Abstract 3365: MRI Delayed Enhancement Identifies Cardiac Fibrosis after Myocardial Infarction at the Cellular Level in ex vivo Rat Heart
Background: Delayed enhancement MRI imaging detects chronic myocardial infarction (MI) but some have questioned the accuracy of “non-specific extracellular contrast agents.” Using a resolution 1000 fold higher than previous validation studies we investigated whether MRI could detect fibrosis from chronic MI at an image resolution approaching the size of a cardiomyocyte.
Methods and Results: Eight week old Sprague Dawley rats underwent coronary ligation to create myocardial infarction; 2 months later rats were given gadolinium-DTPA (0.3 mmol/kg) intravenous and were euthanized 10 minutes later. Myocardial delayed enhancement MRI images were acquired ex vivo at 7 Tesla with a 3D gradient echo sequence using voxel dimensions of 50 micron = to identify areas of fibrosis. Histologic sections of rat myocardium 50 microns apart were stained with Masson’s trichrome and digitally photographed. Using computerized planimetry, MRI correlated well with regions of fibrosis as determined by histological specimens stained with Masson’s trichrome (y = 0.99x − 0.007; R2= 0.99; p<0.0001). From a perspective of image resolution, MR images routinely detected clefts of viable cardiomyocytes 2– 4 cells thick that separated bands of fibrous tissue.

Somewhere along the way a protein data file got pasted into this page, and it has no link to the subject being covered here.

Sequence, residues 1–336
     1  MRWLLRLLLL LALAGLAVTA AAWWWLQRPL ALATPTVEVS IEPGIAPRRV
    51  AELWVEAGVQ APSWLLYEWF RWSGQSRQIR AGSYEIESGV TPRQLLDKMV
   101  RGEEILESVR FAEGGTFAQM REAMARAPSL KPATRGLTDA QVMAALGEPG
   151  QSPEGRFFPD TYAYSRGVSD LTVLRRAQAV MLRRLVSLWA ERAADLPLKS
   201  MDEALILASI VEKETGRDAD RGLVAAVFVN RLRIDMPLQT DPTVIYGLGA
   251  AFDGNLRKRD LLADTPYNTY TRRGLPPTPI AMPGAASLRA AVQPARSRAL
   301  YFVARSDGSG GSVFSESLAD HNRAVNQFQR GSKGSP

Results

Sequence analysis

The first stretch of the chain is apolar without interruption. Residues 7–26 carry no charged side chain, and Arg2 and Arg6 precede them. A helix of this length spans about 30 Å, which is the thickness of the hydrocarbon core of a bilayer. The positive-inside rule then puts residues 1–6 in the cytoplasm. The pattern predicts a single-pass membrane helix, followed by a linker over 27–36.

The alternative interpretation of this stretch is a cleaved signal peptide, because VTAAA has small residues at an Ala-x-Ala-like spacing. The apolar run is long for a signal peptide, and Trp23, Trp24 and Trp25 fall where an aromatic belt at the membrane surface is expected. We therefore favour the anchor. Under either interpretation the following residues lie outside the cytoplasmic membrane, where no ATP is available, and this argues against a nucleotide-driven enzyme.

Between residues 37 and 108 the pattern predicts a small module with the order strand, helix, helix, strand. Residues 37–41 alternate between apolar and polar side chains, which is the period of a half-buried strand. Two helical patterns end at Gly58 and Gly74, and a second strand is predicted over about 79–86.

Conclusions:Using MR microscopy at 7T, ex vivo delayed enhancement images were obtained with a spatial resolution roughly equivalent to three cardiomyocytes. Gadolinium-DTPA accurately identified cardiac fibrosis following myocardial infarction. These data provide important validation of the delayed enhancement technique for detection of post myocardial infarction fibrosis at an unprecedented level of detail.6